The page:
My parents have come and gone (sniff, sniff), and during our four days together we did A LOT. In between doubling-up on coats because of the really-really inclement weather, transferring tube lines to get to and from, and comparing everything we bought to the ridiculously over-priced manicures we got at Harrods, I discovered just how much the apple truly doesn’t fall far from the tree. Therefore, I thought I’d run through their visit by way of some clearly-inherited personality traits.
Trait: Being a morning person
Inherited from: Mom
The first two nights my parents stayed with me in Wapping. Surely because of the time difference (and maybe also because of the bone-chilling temperatures outside), they slept pretty late both days. Each day, when I couldn’t wait much longer to get going with all I had planned for us, I’d go in to wake them. Without fail, she’d pop her head up and go, ‘What time is it?’ to which I’d reply, 10a.m., to which she’d say, in shock, ‘NO!’ Within minutes she’d be up and ready to do whatever or go wherever, which is how I am in the morning. My father, on the other hand, barely registered any of it, and is a much slower mover. It’s best not to ask him too many questions shortly after rising.
It’s going to be a long, cold day…
Trait: Taking photos…of everything
Inherited from: Both
The whole Lieberman family suffers from the I-Have-My-Own-Camera syndrome. We noticed it after our trip to Alaska a few years ago. Once we uploaded, we discovered there must’ve been something close to 1,200 between the five of us. It’s silly, really. But photography is something we each enjoy and are pretty good at. With the exception of my mom. Sorry, but it’s true. This weekend saw her point, click and pull away from the target before the shutter even opened, leaving whoever she was photographing blurry or outside the frame altogether. Still, she does have a good eye for what to capture. (Ahem, me asleep on the tube.) My dad, on the other hand, is good at seeing beyond the “what” and into the “how.” Once he finally brought his SLR with him — props to my mom for suggesting it as a method of distraction from the cold and our agenda to power through it — he snapped shots of everything: the incoming train, the deer-crossing sign covered in snow, my mom “drinking” from the Trafalgar Square fountain. (Unfortunately, and perhaps ironically, most of these pics are on their camera and they’re en route to Paris…)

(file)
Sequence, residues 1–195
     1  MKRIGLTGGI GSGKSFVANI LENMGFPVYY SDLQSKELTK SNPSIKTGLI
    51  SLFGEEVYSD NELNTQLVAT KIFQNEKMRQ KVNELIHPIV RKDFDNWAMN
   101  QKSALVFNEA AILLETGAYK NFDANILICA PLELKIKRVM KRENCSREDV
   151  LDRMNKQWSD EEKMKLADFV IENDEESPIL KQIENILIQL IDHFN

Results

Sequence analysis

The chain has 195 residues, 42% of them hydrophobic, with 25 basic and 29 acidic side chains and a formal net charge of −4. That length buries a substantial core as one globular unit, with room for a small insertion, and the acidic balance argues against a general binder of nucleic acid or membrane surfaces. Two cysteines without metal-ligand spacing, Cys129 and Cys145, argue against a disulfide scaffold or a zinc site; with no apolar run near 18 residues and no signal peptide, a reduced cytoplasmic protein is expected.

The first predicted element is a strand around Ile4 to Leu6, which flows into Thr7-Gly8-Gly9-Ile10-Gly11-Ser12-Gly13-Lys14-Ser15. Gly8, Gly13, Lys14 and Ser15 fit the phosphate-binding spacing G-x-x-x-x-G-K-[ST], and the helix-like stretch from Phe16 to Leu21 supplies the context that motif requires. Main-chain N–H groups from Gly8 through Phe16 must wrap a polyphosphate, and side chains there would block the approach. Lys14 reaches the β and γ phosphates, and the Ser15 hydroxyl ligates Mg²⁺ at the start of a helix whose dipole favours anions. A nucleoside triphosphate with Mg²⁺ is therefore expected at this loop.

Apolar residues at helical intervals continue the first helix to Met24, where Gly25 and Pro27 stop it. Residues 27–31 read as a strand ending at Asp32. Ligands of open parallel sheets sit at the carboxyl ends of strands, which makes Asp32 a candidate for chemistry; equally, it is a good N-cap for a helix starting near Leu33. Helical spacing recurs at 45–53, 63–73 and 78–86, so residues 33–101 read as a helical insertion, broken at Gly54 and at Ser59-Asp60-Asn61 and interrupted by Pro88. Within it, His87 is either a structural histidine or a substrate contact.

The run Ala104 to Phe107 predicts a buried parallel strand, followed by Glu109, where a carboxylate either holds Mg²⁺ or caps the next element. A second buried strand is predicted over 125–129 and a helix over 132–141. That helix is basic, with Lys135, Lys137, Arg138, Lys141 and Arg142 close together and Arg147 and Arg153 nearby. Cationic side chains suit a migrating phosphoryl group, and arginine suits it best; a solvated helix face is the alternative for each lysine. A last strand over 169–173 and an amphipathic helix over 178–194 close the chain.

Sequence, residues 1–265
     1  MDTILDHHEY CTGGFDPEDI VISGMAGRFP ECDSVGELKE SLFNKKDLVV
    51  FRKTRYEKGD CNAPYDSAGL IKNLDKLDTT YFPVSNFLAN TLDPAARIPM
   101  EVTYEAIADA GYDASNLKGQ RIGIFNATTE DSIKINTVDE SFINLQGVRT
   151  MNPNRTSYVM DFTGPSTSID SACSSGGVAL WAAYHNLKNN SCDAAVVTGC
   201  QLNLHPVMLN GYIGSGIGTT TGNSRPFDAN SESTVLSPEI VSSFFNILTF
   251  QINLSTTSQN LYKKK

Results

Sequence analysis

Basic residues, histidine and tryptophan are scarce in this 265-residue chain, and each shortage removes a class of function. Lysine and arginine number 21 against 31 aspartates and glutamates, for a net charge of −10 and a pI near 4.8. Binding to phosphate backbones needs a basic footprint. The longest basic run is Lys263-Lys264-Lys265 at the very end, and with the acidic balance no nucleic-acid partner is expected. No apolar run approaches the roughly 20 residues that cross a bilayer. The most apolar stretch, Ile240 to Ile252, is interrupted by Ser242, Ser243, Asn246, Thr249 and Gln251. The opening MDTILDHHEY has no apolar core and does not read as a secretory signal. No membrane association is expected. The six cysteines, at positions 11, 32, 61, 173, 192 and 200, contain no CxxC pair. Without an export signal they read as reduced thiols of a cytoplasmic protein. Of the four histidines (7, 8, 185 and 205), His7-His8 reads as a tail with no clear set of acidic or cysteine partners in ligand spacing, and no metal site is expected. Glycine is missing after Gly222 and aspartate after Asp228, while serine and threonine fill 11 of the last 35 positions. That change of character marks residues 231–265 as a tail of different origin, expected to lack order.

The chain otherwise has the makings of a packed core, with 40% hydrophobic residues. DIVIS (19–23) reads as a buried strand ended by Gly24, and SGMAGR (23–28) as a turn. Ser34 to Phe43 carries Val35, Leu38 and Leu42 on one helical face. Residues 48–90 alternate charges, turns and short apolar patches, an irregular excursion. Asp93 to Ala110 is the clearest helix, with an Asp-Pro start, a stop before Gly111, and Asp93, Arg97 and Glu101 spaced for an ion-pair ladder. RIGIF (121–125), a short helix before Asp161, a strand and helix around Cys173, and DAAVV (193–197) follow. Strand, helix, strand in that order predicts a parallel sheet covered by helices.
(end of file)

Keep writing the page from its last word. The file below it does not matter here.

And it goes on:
Inherited from: Both
When I travel, I often have a guidebook in one hand and my head tucked within it. When we went to Turkey, my sister had to remind me to actually look at whatever I was reading about. This weekend, though, whenever we went somewhere or were looking for an answer to something, my mom was the one to pull out her handy Rick Steeves. It was really nice not to be the one doing it for a change! Not only did we learn about the great London fire after my father intuitively noticed the charred ceiling at the city’s oldest pub Ye Old Cheshire Cheese, but also that we should visit the Diana memorial via the Egyptian elevators at Harrods. Oh and up 69 stories at the top of the Shard, she was the first of us to find the telescope-thingys that magnified the sights and gave a summary of what you were looking at. My dad, on the other hand, prefers to learn by talking to someone. He befriended several of the security and tour guides at the Shard, asking them about whether the structure is meant to move. (One said yes, another no. Verdict: TBD.)
Diana and Dodi’s tribute at Harrods
The behemoth that is Harrods.
“Hmm, so what am I looking at?”
The obligatory “poser” shot.
“Does this thing move? And we’re how high?”
Trait: Wanting the best…seat
Inherited from: Dad